This project involves a simple solar photovoltaic (PV) assembling project in Kibera Slum, one of the largest slums in Sub-Saharan Africa. It is an initiative of Kibera Community Youth Programme (KCYP), which provides young people from the informal settlement with employment opportunities. Youth assemble small and affordable solar panels, which are then used by the inhabitants of the slum as tools for tapping clean energy to power radios and to charge mobile phones.This project enables consumers to utilize renewable energy instead of batteries that are harmful to the environment once they are disposed of. It offers great potential for enabling communities to maintain a sustainable environment through clean energy.The affordability of the solar PV panels, which are assembled locally, makes them accessible to low-income earners who most access news through radios in the rural areas of the country. So, even though the project has been undertaken in the Kibera Slum, use of the solar panels made there has spread to all parts of Kenya, and even to neighbouring countries where groups have requested trainings to undertake similar projects in their own localities.The project was initiated through the help of Fredrick Ouko, who facilitated the beginning of a technological transfer training through a linkage to a volunteer from the United Kingdom.
This project is innovative in respect to its approach to solving energy problems facing poor communities in Kenya. Traditionally, many communities from low income areas have had to contend with the high cost of using batteries to power their radios while in the end, polluting the environment when they dispose of the used batteries. The small, simple solar PV panels are affordable for low-income earners. They can save their resources by purchasing solar panels that last for years and that use direct sun with no harm to the environment. This in turn promotes environmental sustainability while creating youth employment in the informal settlement.
The project enables those involved to meet their daily basic needs, while the organization under which it is implemented gets resources to run community projects that benefit many young people within the slum, improving the economic status of young people while preventing environmental pollution through the use of renewable energy.
The project has attracted interest of a local university, that would like to continue to research ways of improving the technology and possibilities for scaling up the project. Given the low cost of the panels made, this has drawn a lot of interest to the use of clean energy.This project demonstrates the need for governments and companies to switch to renewable sources of energy, given their reliability and affordability, and the fact that they contribute to a healthier environment. Making solar panels affordable for communities is already promoting greater usage of cleaner energy, promoted at the grassroots level.
By assembling small, affordable solar PV panels, the project makes it possible for low-income groups (including the majority of prospective users) to use renewable energy, thus conserving the environment and avoiding health problems associated with the use of conventional energy and batteries. The solar panels can be used in place of batteries altogether, or to charge rechargeable batteries that are available for longer usage. They have the capacity to run radios of up to 12 voltage and to charge mobile phone batteries. The program provides employment and training experience to several youth who might not otherwise have such opportunities, and provides energy services to people in the local community, improving their quality of life.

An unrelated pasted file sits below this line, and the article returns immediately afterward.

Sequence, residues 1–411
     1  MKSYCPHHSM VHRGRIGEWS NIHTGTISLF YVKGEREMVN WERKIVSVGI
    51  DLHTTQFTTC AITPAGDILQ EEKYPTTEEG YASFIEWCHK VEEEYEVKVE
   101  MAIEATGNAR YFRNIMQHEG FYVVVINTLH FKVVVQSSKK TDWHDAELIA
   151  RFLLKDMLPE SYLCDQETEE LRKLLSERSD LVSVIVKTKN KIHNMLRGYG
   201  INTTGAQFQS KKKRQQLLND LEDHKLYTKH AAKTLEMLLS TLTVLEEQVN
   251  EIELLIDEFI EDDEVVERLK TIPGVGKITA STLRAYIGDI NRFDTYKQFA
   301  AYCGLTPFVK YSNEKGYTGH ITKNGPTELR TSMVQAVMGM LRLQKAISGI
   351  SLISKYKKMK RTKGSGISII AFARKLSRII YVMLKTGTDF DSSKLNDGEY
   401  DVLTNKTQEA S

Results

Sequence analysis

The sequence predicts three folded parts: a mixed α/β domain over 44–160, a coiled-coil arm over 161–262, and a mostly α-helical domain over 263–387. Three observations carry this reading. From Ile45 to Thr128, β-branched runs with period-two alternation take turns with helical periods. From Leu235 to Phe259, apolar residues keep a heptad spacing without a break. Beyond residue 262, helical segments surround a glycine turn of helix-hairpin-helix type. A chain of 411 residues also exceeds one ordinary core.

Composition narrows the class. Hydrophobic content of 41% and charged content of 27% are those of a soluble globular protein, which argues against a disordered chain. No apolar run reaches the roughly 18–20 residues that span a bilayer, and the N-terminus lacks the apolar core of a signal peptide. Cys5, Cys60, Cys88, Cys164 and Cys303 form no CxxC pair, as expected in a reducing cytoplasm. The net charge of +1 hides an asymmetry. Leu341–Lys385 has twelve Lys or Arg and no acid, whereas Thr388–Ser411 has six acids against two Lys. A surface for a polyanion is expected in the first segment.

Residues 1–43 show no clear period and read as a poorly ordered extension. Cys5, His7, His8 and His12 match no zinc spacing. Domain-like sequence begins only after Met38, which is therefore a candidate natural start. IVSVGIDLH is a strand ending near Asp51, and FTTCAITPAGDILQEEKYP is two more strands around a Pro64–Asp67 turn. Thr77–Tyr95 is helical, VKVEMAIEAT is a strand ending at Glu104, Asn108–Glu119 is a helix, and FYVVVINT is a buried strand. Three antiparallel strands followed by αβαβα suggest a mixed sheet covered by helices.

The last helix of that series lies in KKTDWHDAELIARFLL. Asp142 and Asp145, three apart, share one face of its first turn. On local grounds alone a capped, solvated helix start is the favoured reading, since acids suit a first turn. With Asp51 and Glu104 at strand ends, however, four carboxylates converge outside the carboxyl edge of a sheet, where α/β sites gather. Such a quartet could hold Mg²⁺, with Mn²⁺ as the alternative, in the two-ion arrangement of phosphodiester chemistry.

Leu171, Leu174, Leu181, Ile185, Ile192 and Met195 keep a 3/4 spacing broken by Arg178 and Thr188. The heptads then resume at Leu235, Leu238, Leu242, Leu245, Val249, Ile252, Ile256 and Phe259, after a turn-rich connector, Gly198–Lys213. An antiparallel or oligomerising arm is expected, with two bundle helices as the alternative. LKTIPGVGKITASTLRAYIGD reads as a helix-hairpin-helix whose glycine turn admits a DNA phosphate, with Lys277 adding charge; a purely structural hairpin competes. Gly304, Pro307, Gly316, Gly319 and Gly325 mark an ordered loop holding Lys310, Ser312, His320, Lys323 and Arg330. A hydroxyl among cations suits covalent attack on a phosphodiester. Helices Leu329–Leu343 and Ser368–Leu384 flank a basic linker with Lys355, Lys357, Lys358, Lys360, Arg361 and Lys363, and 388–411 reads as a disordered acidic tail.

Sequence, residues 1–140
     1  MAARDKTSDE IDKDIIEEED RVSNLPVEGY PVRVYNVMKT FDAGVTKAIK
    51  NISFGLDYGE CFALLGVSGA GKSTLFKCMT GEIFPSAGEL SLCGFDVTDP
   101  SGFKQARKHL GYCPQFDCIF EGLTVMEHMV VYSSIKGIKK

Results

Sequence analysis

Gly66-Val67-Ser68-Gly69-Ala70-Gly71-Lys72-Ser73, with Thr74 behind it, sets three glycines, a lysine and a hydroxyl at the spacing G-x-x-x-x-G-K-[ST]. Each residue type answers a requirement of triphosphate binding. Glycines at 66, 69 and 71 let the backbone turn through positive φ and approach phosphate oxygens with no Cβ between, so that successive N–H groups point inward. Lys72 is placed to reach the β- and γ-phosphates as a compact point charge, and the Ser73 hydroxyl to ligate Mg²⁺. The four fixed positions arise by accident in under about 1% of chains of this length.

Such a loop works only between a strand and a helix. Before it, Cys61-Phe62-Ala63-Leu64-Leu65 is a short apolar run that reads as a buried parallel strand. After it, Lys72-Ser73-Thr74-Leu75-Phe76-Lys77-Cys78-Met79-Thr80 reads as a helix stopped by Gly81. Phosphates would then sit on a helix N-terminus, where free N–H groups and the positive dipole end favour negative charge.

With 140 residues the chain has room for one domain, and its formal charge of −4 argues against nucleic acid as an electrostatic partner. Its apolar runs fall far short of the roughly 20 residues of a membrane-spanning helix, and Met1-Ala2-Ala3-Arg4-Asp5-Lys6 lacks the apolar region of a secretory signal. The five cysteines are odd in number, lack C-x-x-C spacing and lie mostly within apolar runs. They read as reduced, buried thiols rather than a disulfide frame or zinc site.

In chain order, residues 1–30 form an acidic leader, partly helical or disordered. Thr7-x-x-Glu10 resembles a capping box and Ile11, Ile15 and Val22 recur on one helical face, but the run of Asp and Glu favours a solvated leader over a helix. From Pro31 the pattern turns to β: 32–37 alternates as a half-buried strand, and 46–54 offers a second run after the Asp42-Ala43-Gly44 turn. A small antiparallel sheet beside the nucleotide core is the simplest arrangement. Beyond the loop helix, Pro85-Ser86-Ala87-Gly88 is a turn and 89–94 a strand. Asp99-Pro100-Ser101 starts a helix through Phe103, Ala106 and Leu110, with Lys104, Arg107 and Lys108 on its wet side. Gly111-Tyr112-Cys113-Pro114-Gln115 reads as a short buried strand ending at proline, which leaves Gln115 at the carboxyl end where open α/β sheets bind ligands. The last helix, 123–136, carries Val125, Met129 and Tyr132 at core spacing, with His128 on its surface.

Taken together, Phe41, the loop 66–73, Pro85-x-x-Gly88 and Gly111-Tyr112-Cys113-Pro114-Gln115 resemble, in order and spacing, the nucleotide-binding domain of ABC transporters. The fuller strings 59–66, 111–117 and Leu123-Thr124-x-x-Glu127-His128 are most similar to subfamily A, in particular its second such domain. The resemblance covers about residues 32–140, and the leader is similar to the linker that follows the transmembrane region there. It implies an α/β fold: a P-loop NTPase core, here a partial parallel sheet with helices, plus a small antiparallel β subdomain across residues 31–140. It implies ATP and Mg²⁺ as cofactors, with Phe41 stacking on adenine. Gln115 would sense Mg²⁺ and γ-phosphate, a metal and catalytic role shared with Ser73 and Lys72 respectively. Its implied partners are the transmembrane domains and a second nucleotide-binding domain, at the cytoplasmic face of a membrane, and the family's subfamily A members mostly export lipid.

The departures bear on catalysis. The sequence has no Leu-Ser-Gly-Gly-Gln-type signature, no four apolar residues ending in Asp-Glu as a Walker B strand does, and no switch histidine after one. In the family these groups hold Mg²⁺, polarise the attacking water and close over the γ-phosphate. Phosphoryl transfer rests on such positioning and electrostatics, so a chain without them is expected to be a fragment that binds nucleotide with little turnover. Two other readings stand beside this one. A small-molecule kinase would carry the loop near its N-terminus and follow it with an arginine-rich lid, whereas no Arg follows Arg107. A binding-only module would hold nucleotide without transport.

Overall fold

By using a renewable source of energy and spreading it further to the communities, the project contributes to efforts that promote environmental sustainability, as the sun cannot be depleted. Due to the durability of the solar panels, people using them do not have to continually purchase batteries or fuels, enabling them to reduce expenditures on energy services (or to afford them at all).
To date, about 20 youth in the Kibera Slum, and numerous people around Kenya and surrounding countries, have benefited directly from this program for manufacturing small-scale solar PV panels. The youth have gained employment and experiences that will enrich their lives, while others in the urban slum and beyond have gained access to clean energy that has improved their quality of life (and perhaps provided employment opportunities as well). The small solar panels that the Kibera youth produce are affordable for many people who cannot otherwise afford energy services, and they provide clean energy in place of disposable batteries (that have damaging environmental impacts when disposed of) or batteries charged with grid power - thereby displacing some fossil fuel use. Groups in neighboring countries have already requested training programs so that they can undertake similar projects. This model of economic opportunity (employment and training of youth) and access to clean energy can be replicated elsewhere in Africa and in other countries that have access to good solar resources.